Almost every character is some kind of archetype. That’s not a bad thing.

I once asked people to name some characters who couldn’t easily fit into archetypal categories.  The answers surprised me.

  • Randal Floyd – Dazed and Confused
  • Jackie Brown – Jackie Brown
  • Max Fischer – Rushmore.
  • Commodus – Gladiator
  • Kirk Lazarus – Tropic Thunder
  • Mark Zuckerberg – The Social Network
  • King Schultz – Django Unchained
  • Freddie Quell – The Master
  • Don Logan – Sexy Beast
  • The Entire Cast of American Beauty

The problem with this is that all these characters are archetypes. They’re specifically customized, tweaked and rendered, but all have strong Jungian prototypes and their subversions and specificity works because it plays along with or counter to the archetype.

Don’t get me wrong, all of these are good characters, but they’re also archetypal characters. One could even argue they’re good because they’re archetypes. Each writer put their own stamp on them, and it’s the specific detailing that makes them good. Almost every character is based on some kind of archetype. They become complex and specific in the details.

I think beginning screenwriters often have the attitude of “formula = bad” and therefore anything good must be completely original. I wholeheartedly disagree. By learning about archetypes, you can see the underlying structure and grammar behind great characters and add greater power, meaning and specificity to your own.

Randal Floyd – A ne’er do well neighborhood Lothario. He’s that kid you knew who knew way too much about sex all grown up. There’s one in every town.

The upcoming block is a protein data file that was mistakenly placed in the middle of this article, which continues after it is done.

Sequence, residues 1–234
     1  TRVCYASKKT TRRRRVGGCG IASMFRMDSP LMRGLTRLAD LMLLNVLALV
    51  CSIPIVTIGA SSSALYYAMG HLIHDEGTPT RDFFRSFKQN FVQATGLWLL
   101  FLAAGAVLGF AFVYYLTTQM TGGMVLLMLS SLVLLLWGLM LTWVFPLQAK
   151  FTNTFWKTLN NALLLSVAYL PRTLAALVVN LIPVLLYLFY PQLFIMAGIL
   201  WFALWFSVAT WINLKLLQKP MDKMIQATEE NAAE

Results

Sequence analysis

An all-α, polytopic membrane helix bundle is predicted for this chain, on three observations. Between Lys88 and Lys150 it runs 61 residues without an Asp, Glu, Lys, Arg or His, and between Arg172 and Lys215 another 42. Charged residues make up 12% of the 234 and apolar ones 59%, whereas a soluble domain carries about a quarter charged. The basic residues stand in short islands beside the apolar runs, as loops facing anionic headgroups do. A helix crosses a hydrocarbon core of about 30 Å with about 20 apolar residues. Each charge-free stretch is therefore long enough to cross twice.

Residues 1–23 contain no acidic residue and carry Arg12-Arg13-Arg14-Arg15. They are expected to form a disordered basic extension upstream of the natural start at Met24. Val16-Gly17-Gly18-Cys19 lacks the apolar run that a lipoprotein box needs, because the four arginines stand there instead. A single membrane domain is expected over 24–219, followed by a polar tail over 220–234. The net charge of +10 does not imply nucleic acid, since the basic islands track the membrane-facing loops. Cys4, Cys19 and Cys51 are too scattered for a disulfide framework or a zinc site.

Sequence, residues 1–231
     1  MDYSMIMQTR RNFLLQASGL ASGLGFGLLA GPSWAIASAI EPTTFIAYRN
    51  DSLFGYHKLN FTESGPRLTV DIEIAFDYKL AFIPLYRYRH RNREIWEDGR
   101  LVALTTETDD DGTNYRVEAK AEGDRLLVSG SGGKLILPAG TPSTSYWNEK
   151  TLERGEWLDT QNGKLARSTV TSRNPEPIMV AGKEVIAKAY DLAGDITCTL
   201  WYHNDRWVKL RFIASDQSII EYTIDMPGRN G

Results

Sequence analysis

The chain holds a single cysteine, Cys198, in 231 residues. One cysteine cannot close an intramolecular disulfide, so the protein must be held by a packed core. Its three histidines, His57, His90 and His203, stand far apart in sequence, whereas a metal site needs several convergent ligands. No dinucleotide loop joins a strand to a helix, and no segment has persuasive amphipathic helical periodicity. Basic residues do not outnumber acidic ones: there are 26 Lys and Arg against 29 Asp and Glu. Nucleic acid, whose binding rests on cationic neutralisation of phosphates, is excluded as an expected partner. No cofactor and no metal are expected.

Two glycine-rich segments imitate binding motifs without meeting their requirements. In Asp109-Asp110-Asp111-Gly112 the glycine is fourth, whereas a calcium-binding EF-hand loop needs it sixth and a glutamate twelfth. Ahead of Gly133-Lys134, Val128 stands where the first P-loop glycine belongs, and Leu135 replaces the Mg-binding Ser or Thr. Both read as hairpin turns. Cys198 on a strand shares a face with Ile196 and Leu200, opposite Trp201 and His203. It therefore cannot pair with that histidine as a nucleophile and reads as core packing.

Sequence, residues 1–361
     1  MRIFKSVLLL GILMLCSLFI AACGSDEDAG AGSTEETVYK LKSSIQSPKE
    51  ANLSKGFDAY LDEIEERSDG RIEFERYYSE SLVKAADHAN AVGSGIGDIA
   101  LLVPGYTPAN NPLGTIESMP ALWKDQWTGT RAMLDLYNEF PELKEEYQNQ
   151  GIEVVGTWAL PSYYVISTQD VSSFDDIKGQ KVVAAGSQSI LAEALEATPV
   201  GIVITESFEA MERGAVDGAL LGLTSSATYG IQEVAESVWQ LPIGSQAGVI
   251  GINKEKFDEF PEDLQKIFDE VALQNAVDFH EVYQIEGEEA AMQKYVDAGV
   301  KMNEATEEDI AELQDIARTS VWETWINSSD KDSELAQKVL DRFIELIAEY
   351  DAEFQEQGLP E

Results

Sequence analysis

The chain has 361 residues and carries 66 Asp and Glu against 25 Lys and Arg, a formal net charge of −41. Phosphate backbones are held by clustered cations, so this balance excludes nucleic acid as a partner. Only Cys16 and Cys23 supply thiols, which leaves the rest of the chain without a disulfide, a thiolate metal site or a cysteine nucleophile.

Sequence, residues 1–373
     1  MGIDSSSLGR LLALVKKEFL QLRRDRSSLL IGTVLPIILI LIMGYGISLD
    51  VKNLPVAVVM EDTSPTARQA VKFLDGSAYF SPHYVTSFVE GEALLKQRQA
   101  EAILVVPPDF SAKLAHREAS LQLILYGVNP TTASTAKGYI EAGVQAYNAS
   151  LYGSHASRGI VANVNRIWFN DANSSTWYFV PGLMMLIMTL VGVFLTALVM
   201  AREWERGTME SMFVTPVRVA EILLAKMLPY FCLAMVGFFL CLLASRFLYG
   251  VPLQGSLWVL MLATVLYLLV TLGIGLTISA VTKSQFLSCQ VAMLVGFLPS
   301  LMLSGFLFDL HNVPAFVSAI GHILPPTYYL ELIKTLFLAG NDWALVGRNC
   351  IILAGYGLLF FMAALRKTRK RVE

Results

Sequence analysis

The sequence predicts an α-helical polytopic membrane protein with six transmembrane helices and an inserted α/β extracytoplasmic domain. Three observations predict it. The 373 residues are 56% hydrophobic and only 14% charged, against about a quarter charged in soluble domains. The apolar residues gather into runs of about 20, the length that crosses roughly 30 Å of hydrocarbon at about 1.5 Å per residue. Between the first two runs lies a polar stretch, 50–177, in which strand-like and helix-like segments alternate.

Jackie Brown – A hustler who has to pull off one last scam to leave the life. And that’s not counting all the blaxploitation tropes that this movie embraces.

Max Fischer – An outsider nerd who wants the girl. Sure, we’d never seen this kind of type-a nerd specifically wanting his teacher before, but that’s a specific choice within archetype not a subversion of it. The subversion would have been if she totally fell for him.

Commodus – A sneering, incestuous tyrannical emperor. We’ve seen his archetype everywhere from Draco Malfoy to Joffrey Baratheon. He’s also a rip on Caligua and all the other period Roman movies that predate Gladiator.

Kirk Lazarus – A method actor out of his element? Never seen that before.

Freddie Quell: A lost soul who can’t get his shit together and needs to constantly move on? See Five Easy Pieces, You Can Count on Me, and any indie movie where the hero leaves town with all his possessions in a backpack with no clear idea of where to go.

Mark Zuckerberg – A lonely, solitary genius who’s great with numbers but who can’t connect with human emotions? Don’t hurt yourself, Sorkin.

King Schultz – Okay, whoever said this one has a point. Still, he’s a white teacher who helps a black student reach his potential. Still, he’s a funny foreigner who’s very functionally similar to other flamboyant warriors who hide their lethality behind the affect of a dandy, like Doc Holiday in Tombstone, the Scarlet Pimpernel, and Shane.

Don Logan – An organized crime psycho who’s the harbinger of bad things to come. Sure, it’s a specific version of that, but the subversion would be making him the romantic lead. Even then, he’s still an archetype.

The entire cast of American Beauty: The uptight Stepford Wife, the angry white man in open rebellion, the artsy daughter, the sexy Holden Caulfied weirdo, and the tough drill sergeant dad who’s secretly closeted. How could anyone think of characters like those?

Published by Matt Lazarus

WGA screenwriter offering in-depth writing instruction, notes, critique, and assistance.

5 thoughts on “Almost every character is some kind of archetype. That’s not a bad thing.

  1. Thanks, will keep that in mind after going through all of your posts haha! I’m hoping I can be a TV writer/showrunner one day. Still writing specs and in the middle of my first original pilot now, so still learning!

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